Google Sheets is the modern day device and location independent spreadsheets application, that’s based on Cloud technology. It has been significantly helping everyday information requirements from both individuals and teams alike. As advanced and powerful as it may be, the size of the device’s screen real estate tends to limit its user-friendliness. To overcome that challenge, we have a simple yet effective workaround that lets us freeze rows and columns in Google Sheets.
Consider the Sales Information file of a company below. It holds the information for all the number of sales each salesperson made in a month. There are about a hundred salespersons and the timeline spans from January 2015 to September 2017.
While being able to have all the data in one place is good, navigating within the cells can get challenging can be time-consuming. For example, I wanted to check the sales numbers in the month of March 2016. To do that, I will just move the horizontal scroll bar to the right until I am able to see the column corresponding to March 2016. But the problem is I won’t be able to see the sales persons names as a result of scrolling. So we do not exactly see who sold how much in March 2016. Thus, moving the scroll bar is ineffective.
The same applies to the vertical dimension as well. For example, I want to see how Michelle Haynes performed. I’ll have to move the vertical scroll bar to reach the row where this particular salesperson is present. Once we are there, we will notice that this time around, the month headers went missing. Thereby making it difficult to correlate which sales figures corresponding to which month.
Solution: Freeze rows and columns in Google Sheets
What happens when we freeze rows and columns in Google Sheets? They remain stationary even when we scroll in any of the directions, enabling us to correlate the values in an effective manner. There are two ways in which we can achieve this.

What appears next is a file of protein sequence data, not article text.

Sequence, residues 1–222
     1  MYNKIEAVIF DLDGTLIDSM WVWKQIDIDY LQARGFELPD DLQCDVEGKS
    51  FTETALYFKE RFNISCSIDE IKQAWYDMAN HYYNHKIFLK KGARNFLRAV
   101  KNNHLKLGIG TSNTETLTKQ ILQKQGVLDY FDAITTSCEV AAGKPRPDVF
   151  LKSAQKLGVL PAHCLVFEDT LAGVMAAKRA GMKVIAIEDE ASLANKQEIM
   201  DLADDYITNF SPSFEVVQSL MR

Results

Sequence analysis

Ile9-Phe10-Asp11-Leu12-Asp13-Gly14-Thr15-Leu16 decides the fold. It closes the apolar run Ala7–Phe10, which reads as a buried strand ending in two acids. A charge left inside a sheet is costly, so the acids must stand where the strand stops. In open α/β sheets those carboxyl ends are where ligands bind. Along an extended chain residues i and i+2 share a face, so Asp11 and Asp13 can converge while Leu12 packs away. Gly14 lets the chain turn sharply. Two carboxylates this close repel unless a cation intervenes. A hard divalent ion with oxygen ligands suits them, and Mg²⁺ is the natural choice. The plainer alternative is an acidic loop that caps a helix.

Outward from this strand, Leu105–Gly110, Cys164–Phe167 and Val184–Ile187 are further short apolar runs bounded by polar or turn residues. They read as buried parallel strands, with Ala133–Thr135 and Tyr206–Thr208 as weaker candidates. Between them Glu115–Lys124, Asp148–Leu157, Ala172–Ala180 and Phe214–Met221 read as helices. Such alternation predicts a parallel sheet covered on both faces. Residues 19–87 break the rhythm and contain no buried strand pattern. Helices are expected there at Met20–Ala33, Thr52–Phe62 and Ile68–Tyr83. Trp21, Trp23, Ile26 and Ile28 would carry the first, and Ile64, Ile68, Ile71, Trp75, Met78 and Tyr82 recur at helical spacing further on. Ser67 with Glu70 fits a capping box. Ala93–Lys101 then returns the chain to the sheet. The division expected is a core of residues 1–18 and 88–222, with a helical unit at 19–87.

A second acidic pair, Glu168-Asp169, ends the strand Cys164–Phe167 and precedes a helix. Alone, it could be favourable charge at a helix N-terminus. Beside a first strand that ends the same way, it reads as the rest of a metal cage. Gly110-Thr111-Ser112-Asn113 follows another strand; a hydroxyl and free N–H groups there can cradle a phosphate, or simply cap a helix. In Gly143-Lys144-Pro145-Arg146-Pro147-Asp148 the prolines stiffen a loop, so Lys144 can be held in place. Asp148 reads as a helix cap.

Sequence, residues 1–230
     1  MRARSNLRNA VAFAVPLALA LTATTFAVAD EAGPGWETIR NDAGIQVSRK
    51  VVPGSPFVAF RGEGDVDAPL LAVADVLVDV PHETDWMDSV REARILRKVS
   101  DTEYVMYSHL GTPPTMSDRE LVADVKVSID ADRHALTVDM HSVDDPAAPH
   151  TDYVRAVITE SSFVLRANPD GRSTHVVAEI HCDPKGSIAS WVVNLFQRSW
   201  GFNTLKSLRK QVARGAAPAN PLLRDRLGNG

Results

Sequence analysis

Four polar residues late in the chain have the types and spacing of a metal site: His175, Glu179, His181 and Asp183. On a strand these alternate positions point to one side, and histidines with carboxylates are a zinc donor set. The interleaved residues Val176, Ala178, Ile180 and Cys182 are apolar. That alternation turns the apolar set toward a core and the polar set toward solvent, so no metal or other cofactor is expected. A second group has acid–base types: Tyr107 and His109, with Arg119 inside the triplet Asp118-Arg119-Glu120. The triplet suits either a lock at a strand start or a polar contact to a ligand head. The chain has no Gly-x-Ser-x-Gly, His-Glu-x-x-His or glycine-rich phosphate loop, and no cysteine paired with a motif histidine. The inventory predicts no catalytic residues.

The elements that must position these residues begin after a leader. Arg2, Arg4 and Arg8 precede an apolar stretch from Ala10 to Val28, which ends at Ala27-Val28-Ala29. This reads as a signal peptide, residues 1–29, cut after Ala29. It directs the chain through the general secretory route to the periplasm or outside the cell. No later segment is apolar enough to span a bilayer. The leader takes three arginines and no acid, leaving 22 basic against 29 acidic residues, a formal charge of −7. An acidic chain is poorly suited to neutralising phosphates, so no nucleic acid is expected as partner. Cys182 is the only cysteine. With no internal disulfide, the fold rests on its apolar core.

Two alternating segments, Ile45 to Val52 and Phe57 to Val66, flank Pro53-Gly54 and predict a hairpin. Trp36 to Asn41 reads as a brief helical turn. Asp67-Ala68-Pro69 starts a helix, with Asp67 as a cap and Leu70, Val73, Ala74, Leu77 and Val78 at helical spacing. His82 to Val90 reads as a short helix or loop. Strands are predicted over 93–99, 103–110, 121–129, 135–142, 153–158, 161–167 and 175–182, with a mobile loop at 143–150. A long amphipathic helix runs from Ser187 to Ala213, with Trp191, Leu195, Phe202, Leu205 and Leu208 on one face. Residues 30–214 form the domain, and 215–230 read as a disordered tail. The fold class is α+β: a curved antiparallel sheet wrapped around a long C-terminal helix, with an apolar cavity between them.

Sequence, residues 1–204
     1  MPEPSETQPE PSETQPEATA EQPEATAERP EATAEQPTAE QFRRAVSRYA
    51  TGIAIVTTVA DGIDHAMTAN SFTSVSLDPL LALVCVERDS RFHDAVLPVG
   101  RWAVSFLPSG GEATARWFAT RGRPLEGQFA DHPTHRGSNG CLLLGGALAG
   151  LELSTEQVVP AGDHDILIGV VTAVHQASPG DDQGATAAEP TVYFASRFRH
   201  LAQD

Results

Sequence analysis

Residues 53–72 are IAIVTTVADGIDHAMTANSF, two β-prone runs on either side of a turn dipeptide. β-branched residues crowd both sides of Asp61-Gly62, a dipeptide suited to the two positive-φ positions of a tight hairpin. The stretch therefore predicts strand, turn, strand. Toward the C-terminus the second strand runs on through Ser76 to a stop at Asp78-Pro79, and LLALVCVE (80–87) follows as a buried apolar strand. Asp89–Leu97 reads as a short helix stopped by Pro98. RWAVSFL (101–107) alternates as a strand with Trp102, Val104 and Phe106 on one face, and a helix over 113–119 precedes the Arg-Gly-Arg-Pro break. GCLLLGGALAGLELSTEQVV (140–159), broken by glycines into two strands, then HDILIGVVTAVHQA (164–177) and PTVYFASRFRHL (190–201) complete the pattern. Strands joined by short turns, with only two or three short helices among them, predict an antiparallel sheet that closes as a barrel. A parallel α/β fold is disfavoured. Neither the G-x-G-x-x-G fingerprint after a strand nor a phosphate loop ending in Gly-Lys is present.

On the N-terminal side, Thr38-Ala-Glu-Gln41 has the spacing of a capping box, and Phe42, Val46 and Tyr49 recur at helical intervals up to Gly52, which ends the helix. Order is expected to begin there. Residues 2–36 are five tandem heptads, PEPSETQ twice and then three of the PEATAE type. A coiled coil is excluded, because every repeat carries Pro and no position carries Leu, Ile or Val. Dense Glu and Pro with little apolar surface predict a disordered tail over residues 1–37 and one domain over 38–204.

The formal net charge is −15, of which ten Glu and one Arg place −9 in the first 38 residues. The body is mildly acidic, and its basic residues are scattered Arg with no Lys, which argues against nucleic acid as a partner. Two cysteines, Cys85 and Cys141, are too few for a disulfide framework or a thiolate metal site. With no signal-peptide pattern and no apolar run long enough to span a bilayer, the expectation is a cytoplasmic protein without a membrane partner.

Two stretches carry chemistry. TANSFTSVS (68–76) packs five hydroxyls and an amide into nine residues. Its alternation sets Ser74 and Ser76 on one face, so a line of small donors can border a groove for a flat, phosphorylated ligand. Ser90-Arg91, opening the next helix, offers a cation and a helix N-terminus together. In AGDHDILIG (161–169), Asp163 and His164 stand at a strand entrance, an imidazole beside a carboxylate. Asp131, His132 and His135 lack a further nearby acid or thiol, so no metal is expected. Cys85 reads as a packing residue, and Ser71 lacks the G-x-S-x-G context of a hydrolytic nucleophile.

Approach # 1: Drag and Drop panes
The top left corner of the Google Sheets spreadsheet real estate contains vertical and horizontal panes as identified in the image below.
When we hover the mouse pointer onto those grey colored panes, it turns into a hand icon. It is then we have to drag the vertical pane to the right just after the first column. similarly, drag the horizontal pane down until it clears just row # 2. The result will be as shown in the image below.
Now, if we try and scroll in any direction, the frozen rows remain intact. This will make reading the data much easier. Let’s try this out. We move to the column corresponding to March 2016, and to the row belonging to Michelle Haynes. And, we’ll notice the first column and first two rows are intact even though other rows and columns have shifted.
Approach # 2: Select rows and columns to freeze
We can accomplish the exact same result in a different manner. To freeze the first two rows, we navigate to View > Freeze > 2 rows.
Then, we’ll freeze the first column by navigating to View > Freeze > 1 column.
We will notice, we essentially arrived at the same result, wherein we can scroll across the data without moving the first two rows and the first column. The number of rows or columns to freeze may vary depending upon the extent to which the useful information is present.
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Check out the following blog post to see which other spreadsheet tips and tricks there are to maximze your results in Google Sheets!